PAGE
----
Revival of Hijab
As the century progressed, a revival of veiling and introduction of more modest dress reasserted itself. Opposition to Islamic required clothing had never been truly universal. Among the lower middle classes it had always tended to be defended in the face of change. Even in Turkey where the state had pushed the idea of reform, new ideas and styles of dress did not reach women in the hinterland.
In areas where Islam was resisted and believers felt threatened, like Indonesia and the Philippines, Muslim women began to dress more conservatively as a way to assert who they were. During militant struggles for independence, such as that against the French in Algeria or the British in Egypt, some women purposely kept the veil in defiance of western styles. It meant they also could take part in veiled and silent demonstrations, or could hide weapons under long robes.
There were other reasons for taking up and defending hijab. One was the growing reaffirmation of nation identity and rejection of values and styles seen as western. In response to Egypt's catastrophic loss to Israel in the 1967 Six-Day War, and the seeming failure of secularism, there also was a push to return to Islamic laws which had been abandoned. Modernization was seen as negative, a phenomena which encouraged people to reject not only Islamic but all indigenous traditions. Wearing hijab came to symbolize not the inferiority of the culture in comparison to western ways, but its uniqueness and superiority.
The real surge toward donning hijab came with Iran's revolution. Women were seen as key elements in achieving changes in public morality and private behavior. Unveiled women were mocked, called unchaste "painted dolls," and were punished if they appeared in public without proper covering. In countries beyond Iran in the 1970s, demonstrations and sit-ins appeared over opposition to the required western style dress code for university students and civil servants.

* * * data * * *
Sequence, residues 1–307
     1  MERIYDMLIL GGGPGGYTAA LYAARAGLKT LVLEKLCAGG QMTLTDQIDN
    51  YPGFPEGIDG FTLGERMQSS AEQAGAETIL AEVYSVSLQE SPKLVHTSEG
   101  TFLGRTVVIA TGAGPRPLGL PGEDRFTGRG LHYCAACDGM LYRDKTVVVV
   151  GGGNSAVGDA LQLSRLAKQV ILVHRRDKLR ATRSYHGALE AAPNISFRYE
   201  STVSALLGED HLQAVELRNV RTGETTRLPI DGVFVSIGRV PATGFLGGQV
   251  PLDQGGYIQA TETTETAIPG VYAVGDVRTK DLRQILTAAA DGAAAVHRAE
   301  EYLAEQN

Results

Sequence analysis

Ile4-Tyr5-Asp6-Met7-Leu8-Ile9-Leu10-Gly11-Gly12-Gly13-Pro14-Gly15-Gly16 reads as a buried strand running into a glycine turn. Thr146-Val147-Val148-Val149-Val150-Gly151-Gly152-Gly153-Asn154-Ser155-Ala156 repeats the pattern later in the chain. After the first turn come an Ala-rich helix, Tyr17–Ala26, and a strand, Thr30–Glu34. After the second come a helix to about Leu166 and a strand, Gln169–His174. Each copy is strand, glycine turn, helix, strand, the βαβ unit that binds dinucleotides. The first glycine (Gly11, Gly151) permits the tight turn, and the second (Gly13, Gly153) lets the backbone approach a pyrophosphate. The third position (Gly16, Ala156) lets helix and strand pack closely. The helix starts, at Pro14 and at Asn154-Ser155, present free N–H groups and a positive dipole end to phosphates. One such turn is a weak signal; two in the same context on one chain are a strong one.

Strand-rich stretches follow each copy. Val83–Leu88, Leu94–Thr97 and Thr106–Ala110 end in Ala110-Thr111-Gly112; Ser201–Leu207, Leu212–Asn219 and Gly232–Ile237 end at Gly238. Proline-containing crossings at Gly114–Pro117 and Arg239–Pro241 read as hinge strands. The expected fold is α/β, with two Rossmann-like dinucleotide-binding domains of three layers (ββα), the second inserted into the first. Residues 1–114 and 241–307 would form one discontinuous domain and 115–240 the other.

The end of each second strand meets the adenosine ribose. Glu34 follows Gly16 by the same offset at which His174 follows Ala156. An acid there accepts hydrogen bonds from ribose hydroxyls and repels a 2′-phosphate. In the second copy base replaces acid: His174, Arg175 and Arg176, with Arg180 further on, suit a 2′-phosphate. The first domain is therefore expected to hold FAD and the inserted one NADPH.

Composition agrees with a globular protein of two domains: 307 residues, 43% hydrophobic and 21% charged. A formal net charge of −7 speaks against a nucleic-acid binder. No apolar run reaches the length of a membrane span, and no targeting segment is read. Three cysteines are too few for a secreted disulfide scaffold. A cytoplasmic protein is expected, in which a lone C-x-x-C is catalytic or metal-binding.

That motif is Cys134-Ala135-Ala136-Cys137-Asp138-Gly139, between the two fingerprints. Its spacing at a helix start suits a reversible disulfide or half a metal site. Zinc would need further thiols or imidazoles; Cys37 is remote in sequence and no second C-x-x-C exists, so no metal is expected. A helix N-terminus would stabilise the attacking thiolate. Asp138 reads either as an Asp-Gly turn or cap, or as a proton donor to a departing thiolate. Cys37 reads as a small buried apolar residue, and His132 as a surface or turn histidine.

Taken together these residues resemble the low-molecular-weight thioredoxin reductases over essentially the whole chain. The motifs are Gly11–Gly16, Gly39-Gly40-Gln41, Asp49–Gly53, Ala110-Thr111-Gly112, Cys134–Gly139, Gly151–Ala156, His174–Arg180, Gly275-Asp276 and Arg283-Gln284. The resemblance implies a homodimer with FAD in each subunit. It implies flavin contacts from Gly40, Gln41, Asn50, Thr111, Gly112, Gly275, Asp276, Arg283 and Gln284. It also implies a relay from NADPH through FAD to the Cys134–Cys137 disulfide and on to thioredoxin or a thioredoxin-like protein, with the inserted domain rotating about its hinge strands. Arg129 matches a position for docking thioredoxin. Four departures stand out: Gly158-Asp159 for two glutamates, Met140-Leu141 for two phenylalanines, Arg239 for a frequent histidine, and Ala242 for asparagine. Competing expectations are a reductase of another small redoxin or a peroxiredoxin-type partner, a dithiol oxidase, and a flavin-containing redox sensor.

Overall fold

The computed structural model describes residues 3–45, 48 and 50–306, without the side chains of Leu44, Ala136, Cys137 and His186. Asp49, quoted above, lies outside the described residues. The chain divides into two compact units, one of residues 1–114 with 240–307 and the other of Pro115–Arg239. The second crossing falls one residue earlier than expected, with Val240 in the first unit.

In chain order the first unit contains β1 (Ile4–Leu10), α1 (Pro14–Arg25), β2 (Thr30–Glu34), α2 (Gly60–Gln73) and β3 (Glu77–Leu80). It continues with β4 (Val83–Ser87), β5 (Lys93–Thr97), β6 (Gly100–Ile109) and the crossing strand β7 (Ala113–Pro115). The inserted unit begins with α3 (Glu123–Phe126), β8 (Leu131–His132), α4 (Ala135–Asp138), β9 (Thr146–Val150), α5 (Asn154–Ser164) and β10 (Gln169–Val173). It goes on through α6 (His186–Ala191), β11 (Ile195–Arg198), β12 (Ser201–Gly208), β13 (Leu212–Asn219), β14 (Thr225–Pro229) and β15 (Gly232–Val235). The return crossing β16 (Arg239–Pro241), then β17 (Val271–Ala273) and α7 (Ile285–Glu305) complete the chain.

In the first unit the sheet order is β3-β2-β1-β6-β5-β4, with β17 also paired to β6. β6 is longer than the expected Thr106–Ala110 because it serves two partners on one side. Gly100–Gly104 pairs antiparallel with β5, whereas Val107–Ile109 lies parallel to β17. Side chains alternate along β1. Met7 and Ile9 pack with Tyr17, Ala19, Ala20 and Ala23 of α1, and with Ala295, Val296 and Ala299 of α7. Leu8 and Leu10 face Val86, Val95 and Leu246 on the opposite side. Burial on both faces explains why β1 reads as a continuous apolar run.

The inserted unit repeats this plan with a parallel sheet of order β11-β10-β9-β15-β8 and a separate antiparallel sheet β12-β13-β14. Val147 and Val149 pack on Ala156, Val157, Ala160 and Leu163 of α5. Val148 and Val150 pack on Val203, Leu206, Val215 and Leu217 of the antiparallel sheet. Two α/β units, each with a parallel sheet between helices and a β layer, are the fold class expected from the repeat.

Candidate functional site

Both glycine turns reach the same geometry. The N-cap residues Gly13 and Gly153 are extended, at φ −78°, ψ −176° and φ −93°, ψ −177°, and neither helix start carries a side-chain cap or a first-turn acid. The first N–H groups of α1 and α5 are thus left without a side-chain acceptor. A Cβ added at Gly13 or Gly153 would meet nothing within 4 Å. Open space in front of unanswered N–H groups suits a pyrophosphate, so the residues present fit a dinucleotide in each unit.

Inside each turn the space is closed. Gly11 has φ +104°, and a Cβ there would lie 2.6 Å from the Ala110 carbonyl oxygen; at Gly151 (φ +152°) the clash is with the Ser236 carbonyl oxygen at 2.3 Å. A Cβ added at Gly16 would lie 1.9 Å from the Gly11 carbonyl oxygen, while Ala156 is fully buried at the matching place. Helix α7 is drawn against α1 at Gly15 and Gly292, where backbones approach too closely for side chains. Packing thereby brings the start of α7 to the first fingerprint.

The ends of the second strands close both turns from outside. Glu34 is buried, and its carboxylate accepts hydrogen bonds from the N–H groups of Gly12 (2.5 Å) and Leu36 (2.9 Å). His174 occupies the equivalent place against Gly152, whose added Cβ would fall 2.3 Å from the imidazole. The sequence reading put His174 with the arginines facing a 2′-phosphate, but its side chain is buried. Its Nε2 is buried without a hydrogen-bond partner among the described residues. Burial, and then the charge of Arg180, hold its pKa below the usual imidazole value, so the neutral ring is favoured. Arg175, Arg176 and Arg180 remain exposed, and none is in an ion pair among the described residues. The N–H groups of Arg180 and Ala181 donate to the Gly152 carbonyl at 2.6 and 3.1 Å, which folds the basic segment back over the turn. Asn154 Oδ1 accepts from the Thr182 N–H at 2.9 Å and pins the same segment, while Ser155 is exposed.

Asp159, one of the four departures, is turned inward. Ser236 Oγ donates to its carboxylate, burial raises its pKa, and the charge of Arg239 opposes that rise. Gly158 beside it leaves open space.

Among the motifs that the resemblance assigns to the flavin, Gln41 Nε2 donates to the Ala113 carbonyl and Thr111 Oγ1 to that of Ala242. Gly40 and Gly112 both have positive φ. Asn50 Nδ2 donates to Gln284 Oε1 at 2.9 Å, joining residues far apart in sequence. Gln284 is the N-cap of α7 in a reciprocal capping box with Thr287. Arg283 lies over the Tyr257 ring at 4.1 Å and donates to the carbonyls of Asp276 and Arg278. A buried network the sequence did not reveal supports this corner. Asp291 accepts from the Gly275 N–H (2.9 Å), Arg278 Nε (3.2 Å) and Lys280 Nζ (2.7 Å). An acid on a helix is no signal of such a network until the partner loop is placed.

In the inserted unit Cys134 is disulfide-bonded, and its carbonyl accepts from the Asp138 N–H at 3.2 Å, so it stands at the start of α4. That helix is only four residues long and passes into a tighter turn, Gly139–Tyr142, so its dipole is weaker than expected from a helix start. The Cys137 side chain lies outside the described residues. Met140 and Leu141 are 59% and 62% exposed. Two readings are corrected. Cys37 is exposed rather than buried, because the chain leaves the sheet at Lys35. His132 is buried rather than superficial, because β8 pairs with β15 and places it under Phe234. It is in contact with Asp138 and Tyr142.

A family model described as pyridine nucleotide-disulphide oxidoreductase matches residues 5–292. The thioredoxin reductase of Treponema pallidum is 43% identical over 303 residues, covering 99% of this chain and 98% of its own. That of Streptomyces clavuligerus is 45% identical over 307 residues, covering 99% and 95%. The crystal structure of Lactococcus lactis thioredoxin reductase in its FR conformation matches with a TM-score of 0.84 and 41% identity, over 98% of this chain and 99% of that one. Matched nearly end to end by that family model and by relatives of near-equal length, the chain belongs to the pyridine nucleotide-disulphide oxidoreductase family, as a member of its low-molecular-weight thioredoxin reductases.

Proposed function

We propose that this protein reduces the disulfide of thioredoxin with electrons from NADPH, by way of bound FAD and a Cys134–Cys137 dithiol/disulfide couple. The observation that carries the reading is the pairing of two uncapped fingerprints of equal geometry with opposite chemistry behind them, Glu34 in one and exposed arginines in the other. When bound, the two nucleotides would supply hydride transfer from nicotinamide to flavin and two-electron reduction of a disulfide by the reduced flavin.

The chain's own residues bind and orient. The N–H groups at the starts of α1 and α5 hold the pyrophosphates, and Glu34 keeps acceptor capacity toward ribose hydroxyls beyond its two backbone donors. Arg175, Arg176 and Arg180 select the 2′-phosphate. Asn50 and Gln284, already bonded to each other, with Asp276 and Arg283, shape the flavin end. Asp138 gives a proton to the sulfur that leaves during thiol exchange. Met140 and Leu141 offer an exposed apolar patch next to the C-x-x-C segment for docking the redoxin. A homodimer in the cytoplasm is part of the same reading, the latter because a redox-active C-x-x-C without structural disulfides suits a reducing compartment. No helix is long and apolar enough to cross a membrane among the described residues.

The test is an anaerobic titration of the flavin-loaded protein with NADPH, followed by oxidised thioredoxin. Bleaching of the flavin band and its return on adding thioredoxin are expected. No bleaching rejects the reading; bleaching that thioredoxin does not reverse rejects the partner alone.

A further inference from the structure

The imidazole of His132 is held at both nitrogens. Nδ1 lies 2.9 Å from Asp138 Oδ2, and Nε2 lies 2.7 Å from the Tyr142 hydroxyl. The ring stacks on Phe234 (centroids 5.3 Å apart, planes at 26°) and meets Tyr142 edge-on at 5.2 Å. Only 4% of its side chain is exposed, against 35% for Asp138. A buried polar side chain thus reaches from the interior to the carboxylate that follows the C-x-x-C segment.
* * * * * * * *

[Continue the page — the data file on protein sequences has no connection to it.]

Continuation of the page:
A year later William Blake published the poem Visions of the Daughter’s of Albion, a commentary on the “tyranny of rape and sexual possession”, but also mistreatment of women in a patriarchal society....
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Both Caroline Norton and Kishida Toshiko broke social norms by publicly advocating change not only in the legal status of women, but in the way society viewed their roles. Their concerns illustrate issues from reform periods in the nineteenth century where maneuvering for women's rights within the context of marriage often took precedent over others, including female suffrage. Debates about womens expanded rights within marriage and womens access to education were voiced in many nations which were dealing with new ideas about societal change.
The primary factor behind this is that few people view women in any capacity other than that of mothers or potential mothers, and, under the further influence of out-dated “religious” beliefs, may even treat females in a family as possessions.
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Full suffrage occurs when all groups of women are included in national voting and can run for any political office. In most cases women won the right to vote in uneven stages. New Zealand in 1893 was first. Liberalism was a strong force in this pioneering land which increasingly rejected what it viewed as archaic attitudes from the Old World. The support of social reform issues, including temperance, gave New Zealand suffragists the edge they needed. The now famous Womens Suffrage Petition is credited with being a major force for this success. Signed by close to one quarter of the female adult population, the petition was the largest of its kind in New Zealand and other western countries. It is comprised of 546 sheets of paper, all glued together to form one continuous roll 274 metres long, with the signatures of over 10,000 adult women. A few Maori women signed, but at this time they mainly were concerned with achieving political participation rights for the whole tribe.
When the Quran was revealed in Arabia over 1400 years ago, the women of that time had virtually no interaction in the business community and were unfamiliar with financial transactions; thus, the rationale for the verse.
In Europe, Finland, Norway and Iceland were among the first to grant female suffrage. Most other western governments only extended suffrage to women during or just after WWI, even though womens rights had been widely debated in their societies for many decades.
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However, in modern society, where both women and men are well versed in business and financial matters, and business is becoming a discipline and a specialty, there is no special danger of a woman forgetting or misunderstanding a transaction; therefore, under these circumstances, there is room to question the applicability of this rule.
Pan-Pacific womens networks also became effective advocates of womens political equality, as did those within countries with great regional diversity. As an example, women in India by the end of the nineteenth century were forming their own organizations. The first all-India organization, the Womens Indian Association was established in 1917, and by 1918 was holding gatherings all over India in support of womens franchise.